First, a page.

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Unity and Division in the Church Part 2 - Division

As much as the Reformation is the rediscovery of salvation by faith through grace, it is also the story of how Christianity became increasingly fragmented. By the time the Reformation came about, the Church had effectively been split into four wings: the Byzantine Orthodox, the Roman Catholics, the Nestorians (north-eastern Asian churches) and the Jacobites (Monophysite south-eastern Asian churches). The Nestorians and the Jacobites were in the process of being wiped out by pagan and Muslim powers in the east, so that to this day we have pretty much only the Armenian Orthodox and Thomasites in India representing the Nestorians and the Copts and Assyrian Orthodox representing the Jacobites. The Roman Catholic church birthed the Protestant church by ejecting those whom she disagreed with and who would not submit to her rule without questioning it.

As the Protestant reformation movement progressed, the main leaders assembled in Marburg, Hessen, in October of 1529. Called together by Prince-Elector Philip of Hesse, these men were asked to draft a joint statement to unify the diverse theology of the Protestants, so creating a united front against Emperor Charles V and the Roman Catholic church. What got off to a good start came to a screeching halt when Martin Luther and Ulrich Zwingli of Zurich could not agree on the meaning of the Lord’s Supper. The sticking point of the argument was that Zwingli saw the Lord’s Supper as merely symbolic, whereas Luther believed Christ was actually present in the bread and the cup. The argument got so heated, that Luther (being Luther) is said to have carved the word EST (Latin for “is”) into the table with his pen knife. The two great men could not get over this point and so the attempt at unifying the Protestant movement failed. This failure led to more and more divisions within the Protestant movement, eroding a central authority and bringing us to this day where one cannot use a term to define Christian movements without a qualifier.

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Pondering the Master

Most nativity scenes display the three wise men who come to worship baby Jesus at the manger, though the biblical text does not say exactly when the Magi came to worship the infant (see Mt. 2:1-12). As I consider the scene, I ponder the gifts that they gave Jesus. Matthew writes in his Gospel, that “they opened their treasures and presented Him with gifts: gold, frankincense, and myrrh.” (Mt. 2:11c). Much has been written about these gifts and some commentators have given them symbolic values, such as gold being for the riches of the king, frankincense being symbolic of deity and the myrrh referencing Jesus’ death and burial. Whether or not these thoughts were in the Magi’s mind as they brought the gifts is unclear. However, three things struck me:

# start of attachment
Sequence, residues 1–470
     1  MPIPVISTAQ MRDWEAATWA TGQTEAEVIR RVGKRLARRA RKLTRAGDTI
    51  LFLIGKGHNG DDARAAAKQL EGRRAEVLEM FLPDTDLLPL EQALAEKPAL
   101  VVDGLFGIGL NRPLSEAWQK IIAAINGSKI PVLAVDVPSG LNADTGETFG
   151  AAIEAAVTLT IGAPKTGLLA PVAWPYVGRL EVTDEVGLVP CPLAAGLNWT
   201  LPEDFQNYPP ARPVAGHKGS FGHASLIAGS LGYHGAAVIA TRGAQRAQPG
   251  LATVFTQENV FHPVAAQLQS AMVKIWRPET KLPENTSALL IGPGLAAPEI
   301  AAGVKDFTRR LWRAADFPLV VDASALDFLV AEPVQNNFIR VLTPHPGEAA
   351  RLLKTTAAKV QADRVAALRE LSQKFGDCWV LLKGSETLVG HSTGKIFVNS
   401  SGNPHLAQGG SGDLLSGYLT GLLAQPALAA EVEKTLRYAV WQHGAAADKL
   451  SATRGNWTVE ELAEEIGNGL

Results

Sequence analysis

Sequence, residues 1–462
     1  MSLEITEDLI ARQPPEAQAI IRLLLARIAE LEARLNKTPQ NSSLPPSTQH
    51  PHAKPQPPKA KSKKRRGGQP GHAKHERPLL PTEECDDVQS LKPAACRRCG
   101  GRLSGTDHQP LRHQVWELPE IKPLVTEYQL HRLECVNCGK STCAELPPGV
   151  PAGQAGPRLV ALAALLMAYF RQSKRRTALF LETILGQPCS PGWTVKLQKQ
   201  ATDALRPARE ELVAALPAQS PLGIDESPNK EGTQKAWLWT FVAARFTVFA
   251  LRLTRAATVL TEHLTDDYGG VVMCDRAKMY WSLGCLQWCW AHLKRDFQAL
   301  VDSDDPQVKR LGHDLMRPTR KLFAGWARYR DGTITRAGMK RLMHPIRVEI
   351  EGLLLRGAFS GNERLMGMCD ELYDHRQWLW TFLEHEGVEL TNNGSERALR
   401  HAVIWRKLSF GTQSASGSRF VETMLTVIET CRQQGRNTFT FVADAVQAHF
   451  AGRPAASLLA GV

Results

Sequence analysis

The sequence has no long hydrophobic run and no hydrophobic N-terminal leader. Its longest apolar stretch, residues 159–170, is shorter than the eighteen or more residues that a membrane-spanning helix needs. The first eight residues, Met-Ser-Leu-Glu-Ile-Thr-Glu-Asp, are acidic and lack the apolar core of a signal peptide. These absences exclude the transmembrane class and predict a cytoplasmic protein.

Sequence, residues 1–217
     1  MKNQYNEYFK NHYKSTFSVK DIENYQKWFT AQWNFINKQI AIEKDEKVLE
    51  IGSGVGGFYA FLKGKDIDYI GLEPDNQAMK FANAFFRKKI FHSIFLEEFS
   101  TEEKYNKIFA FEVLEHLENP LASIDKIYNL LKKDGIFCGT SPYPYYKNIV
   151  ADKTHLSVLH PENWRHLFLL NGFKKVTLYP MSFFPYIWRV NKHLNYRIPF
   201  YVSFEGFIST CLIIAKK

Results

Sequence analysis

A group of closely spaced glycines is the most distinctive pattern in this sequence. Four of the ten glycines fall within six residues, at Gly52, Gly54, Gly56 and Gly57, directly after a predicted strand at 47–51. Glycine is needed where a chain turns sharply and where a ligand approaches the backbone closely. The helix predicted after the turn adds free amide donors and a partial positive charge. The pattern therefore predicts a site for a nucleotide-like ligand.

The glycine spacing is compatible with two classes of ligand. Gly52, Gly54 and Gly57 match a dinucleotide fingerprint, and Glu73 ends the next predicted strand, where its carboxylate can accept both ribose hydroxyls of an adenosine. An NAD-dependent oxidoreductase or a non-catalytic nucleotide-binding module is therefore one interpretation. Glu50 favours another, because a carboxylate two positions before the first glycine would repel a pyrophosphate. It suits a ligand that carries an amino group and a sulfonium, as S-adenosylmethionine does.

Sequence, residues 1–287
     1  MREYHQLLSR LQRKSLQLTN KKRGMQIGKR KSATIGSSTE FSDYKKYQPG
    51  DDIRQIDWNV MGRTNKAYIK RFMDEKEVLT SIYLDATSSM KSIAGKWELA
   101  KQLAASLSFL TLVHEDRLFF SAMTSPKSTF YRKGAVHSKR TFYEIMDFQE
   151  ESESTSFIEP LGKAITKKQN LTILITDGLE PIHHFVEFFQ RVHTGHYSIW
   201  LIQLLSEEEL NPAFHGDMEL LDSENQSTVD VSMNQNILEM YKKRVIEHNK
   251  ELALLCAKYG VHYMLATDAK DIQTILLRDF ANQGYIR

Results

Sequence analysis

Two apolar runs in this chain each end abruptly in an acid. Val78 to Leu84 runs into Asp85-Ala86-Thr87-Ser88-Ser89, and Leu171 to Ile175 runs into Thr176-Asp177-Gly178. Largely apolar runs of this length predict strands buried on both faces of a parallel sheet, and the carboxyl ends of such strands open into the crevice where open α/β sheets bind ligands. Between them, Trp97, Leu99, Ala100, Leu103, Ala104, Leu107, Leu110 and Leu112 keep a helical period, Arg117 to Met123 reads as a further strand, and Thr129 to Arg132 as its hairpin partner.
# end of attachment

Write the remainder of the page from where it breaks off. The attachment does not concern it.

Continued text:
First these gifts were very expensive, especially the myrrh.

Second, each of these gifts is connected to Kingship in some way. Gold is riches for generosity; frankincense can be the pleasant fragrance or the spiritual leadership of the king for the people; and myrrh would be a medicine for the healing of the people.

This last thing brings me to the third point of my ponderings. Myrrh is by far the most valuable of the three gifts. Everything I’ve read connects it more with the death of Christ, but what use would that be to Jesus as a king? King Jesus is a healer as well as a priest and ruler. Besides being used for embalming, myrrh was an ancient medication; it is still used in that capacity today! If we look at Scripture, it says of the Suffering Servant in Isaiah 53: “Surely he has borne our griefs and carried our sorrows; … But he was wounded for our transgressions; he was crushed for our iniquities; upon him was the chastisement that brought us peace, and with his stripes we are healed” (vv.5a,6 – ESV). As an adult Jesus Himself said, “Come to Me, all of you who are weary and burdened, and I will give you rest” (Mt. 11:28). Truly, Jesus is the Healer and the myrrh He was presented with by the Magi was symbolic of our King’s gentle, healing touch. He heals us individually today; and one day He will heal the whole universe when He returns to rule.

Image Credit: Leo 65 | Pixabay

From Wolfhawke’s Reading List

Michael Crichton

New York: HarperCollins, 2005.

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